Thursday, March 17, 2011

Duff Review: King Hammond Jacuzzi

N.1. Records

Who else but the great King Hammond (AKA Nick Welsh, songwriter-bassist-singer for Skaville UK, The Selecter, Big 5, and Bad Manners) would be audacious enough to release not one but two stellar albums (the other record in question is the killer The King and I; you can read our review of it here)--as well as a pair of spin-off vinyl EPs, Riot in London Town and Hey Mr. DJ--all within a six-month period?! Jacuzzi contains everything that one could ask of King Hammond and more: super catchy ska and skinhead reggae tunes; wonderfully cheeky lyrics; booty-shaking, groovin' grooves; and impeccable performances (which are all more impressive, as I think Nick played every instrument on the album--at one point in "Reggay Train" he shouts out, sounding a bit surprised himself, "King Hammond's on the fiddle!").

The hot tub of the shimmering title track (and you gotta love how the chorus goes "Jah, Jah, Jah-cuzzi") is a people soup metaphor for slumming it on the seamier, ethically-challenged, hedonistic side of life. You know in your heart and head that giving into temptation is wrong, but it feels so damn right: "Holy Mother, forgive me for my sins/I always fall from grace when the day begins/Look into my eyes and tell me what you see?/The grand illusion or cold reality?/Bad drugs and Englishmen are only a call away/For the Cowboys and the Indians, who want to come and play/in the jacuzzi?...Look back in wonder at Paradise missed/but I was in the deep end of a personal abyss/When luck was handed out, I guess I missed the queue/I couldn't get my jeans on in time to meet with you." It's the hell of being keenly self-aware (coupled with a working knowledge of right and wrong) and the heaven of getting off on one's vices (hey, everybody's got their own angel and devil whispering in each ear: "All men are the jacuzzi!")

"Riot in London Town" (which also appears on its eponymous EP) bemoans the fact that so much of London is being torn down and replaced with crap architecture. The hippie pop psychedelia of the late 1960s--the flip side of the mod/skinhead revolution--typically creeps in the edges of King Hammond's music as it, no doubt, influenced the skinhead reggae artists of the day. On "Hammond-edlic!," the King lets his freak flag fly, urging listeners to "drop in...drop out" on this throbbing, deeply-layered, incredibly trippy and funky reggay instrumental (did I hear tablas in there?). Without question, this is my favorite track on the album.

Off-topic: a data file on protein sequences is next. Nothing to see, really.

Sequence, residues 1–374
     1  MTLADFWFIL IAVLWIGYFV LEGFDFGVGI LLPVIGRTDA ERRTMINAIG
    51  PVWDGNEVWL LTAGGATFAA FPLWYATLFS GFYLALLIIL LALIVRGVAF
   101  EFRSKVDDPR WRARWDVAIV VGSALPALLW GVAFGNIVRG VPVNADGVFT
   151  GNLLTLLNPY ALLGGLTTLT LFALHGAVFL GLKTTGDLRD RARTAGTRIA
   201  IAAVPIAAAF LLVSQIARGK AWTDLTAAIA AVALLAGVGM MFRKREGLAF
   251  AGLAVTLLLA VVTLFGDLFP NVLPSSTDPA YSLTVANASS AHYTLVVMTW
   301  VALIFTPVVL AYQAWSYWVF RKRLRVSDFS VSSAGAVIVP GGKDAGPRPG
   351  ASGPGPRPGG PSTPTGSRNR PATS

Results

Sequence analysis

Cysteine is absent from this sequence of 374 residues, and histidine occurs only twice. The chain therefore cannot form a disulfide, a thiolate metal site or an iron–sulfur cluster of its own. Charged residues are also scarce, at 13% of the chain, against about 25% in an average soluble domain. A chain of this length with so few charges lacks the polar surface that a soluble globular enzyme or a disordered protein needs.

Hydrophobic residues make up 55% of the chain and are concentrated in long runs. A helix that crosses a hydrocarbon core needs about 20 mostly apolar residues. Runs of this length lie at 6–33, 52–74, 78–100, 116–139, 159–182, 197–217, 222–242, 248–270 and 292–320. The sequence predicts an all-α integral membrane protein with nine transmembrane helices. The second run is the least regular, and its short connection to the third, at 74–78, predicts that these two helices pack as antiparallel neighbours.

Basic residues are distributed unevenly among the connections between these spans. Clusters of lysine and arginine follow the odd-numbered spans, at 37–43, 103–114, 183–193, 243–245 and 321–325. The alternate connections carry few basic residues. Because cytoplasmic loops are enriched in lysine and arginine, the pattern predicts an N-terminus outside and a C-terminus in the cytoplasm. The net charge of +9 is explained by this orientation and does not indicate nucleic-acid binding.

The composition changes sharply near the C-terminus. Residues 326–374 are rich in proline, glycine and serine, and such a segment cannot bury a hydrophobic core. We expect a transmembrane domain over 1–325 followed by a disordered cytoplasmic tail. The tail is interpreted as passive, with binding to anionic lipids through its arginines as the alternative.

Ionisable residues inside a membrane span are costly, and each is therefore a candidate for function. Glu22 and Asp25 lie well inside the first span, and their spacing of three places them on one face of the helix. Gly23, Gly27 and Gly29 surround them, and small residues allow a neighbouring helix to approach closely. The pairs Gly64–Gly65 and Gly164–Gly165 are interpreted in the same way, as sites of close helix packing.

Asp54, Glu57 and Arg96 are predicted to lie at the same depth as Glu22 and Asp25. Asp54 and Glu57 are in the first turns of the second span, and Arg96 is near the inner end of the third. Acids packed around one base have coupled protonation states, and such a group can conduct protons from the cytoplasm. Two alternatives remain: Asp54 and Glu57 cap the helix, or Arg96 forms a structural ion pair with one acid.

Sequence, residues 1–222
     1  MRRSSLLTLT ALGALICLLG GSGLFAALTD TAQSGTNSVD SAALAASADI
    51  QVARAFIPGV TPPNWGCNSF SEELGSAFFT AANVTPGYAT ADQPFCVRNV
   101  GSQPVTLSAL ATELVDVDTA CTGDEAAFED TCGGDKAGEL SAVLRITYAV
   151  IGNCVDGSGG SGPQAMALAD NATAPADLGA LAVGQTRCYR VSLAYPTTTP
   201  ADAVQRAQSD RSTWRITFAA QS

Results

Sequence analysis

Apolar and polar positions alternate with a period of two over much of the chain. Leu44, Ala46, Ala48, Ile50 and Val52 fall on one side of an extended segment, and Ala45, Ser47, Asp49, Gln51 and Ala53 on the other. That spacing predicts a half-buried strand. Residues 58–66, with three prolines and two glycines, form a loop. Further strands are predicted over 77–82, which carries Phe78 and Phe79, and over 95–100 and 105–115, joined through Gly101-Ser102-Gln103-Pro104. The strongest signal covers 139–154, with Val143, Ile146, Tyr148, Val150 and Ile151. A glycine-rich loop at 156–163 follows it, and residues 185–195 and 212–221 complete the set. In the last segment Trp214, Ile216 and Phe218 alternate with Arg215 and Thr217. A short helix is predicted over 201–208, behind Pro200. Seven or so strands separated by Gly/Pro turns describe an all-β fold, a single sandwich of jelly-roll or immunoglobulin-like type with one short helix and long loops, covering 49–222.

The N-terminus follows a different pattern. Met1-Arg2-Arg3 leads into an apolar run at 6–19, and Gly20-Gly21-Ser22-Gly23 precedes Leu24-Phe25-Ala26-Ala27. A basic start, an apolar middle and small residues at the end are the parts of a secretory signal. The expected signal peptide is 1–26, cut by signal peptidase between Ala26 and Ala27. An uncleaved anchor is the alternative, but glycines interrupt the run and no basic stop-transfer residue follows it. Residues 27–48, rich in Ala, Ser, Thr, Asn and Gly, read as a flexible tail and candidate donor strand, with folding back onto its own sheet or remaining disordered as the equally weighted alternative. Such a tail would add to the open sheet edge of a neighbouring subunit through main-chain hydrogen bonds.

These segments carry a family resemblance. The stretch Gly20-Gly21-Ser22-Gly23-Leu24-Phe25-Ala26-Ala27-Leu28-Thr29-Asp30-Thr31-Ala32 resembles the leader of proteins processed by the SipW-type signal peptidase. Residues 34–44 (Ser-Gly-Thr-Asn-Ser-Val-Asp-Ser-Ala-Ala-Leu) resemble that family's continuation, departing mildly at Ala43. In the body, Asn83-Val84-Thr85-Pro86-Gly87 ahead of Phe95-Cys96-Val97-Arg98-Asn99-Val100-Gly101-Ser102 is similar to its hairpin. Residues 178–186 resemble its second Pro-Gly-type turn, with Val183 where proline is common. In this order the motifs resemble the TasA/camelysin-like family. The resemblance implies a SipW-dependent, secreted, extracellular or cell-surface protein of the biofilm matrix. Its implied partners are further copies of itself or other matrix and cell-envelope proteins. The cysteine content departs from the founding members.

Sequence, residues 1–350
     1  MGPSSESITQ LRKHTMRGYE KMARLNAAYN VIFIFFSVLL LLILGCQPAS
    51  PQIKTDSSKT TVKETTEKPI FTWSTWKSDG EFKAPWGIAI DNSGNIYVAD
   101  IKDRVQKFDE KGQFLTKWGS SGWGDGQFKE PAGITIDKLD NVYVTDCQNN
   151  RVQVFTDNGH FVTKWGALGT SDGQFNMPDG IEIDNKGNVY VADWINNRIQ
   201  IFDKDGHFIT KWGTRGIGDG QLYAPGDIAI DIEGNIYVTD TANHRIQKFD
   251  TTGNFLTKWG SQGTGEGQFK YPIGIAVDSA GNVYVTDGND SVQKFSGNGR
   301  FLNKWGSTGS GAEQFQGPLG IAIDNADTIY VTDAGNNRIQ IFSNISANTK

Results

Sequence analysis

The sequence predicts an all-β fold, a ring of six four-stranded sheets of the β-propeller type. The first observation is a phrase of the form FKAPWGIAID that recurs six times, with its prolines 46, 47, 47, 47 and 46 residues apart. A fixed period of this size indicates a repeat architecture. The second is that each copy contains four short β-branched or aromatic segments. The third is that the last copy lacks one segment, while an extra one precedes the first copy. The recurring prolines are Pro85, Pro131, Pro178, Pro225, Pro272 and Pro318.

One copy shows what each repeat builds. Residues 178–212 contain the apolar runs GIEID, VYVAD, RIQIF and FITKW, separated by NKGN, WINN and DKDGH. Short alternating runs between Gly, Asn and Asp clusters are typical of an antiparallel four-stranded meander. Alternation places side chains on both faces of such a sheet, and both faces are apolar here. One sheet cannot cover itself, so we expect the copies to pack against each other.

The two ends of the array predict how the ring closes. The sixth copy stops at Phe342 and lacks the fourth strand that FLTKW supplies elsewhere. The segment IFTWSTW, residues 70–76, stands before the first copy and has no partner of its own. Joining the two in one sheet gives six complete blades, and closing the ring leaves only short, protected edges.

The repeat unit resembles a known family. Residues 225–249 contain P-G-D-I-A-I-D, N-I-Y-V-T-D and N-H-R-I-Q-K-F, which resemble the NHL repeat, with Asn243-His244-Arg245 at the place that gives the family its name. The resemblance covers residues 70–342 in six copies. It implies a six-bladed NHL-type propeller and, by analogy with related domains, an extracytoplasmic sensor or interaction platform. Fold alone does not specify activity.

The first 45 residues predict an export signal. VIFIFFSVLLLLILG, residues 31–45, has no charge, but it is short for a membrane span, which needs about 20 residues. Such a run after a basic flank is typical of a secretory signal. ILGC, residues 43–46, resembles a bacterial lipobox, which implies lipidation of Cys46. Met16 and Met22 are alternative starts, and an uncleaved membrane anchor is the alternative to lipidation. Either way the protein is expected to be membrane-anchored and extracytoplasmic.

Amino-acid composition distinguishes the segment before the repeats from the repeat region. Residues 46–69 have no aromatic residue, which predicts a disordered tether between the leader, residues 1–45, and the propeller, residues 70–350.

"Tattoo Girls" is a loping ode to ladies with ink ("Rude girls in Mexico, Rockabillies in the USA!"). "Reggay Train" builds on the proto-skinhead reggae rhythm of The Pioneers' "Long Shot Kick De Bucket" and/or Symarip's "Skinhead Moonstomp" (which is really Derrick Morgan's "Moon Hop") to deliver us in rude boy style to Rainbow City circa 1969. "Chicken and Chips" celebrates King Hammond's addiction to KFC's crispy (or extra-crispy?) product, though it's all presented/projected through a female protagonist (before Nick set me straight, I thought this was a song about lesbians--"That girl just eats chicken and chips/She won't put nothing else to her lips...She used to be finger lickin' good--better than the rest/Now the thing that turns her on is leg or a breast"--I'm always on the lookout for the subtext in everything, real or imagined!).

"They Will Rise" is a cheery, calypso-esque warning to all righteous souls not to surrender an inch to the many bad-minded people amongst us: "And if you feel like you've been taken/You're not the first, won't be the last/And if you let them rule your situation/They will rise..." While we're on the subject of people trying to do us in, the King kisses off an ex that specialized in head games in "Three Card Trick" ("I don't want to play that game no more!").

"Bongo Ska Fever" is an awesomely propulsive vintage ska stomper that Prince Buster never wrote (love how he pronounces 'ska' as 'skar'), while "From the Hip" smoothly visits Harry J's All Stars territory. "The Hanky Panky" ("King Hammond has ESP/Extra! Sexual! Perception!...Girls and boys/like the hanky panky/Have some fun/you know it's true/They like to kiss it up/they want to hug it up, too/they like to feel it up/and then they follow it through") and "Reggae Movement #2" (which alludes to a certain part of the body "moving" in every sense of the word) are knowing, slightly naughty dirty reggae instrumental cuts that would make it past the broadcast censors, but still have the inner-twelve-year-olds in us snickering away, 'cause we really know what they are all about.

As always, King Hammond manages to successfully embody the spirit and sound of late sixties skinhead reggae while creating thoroughly original and winning cuts. It really doesn't get much better than this--count me amongst the King's loyal musical subjects! Long live King Hammond!

The Duff Guide to Ska Grade: A

No comments: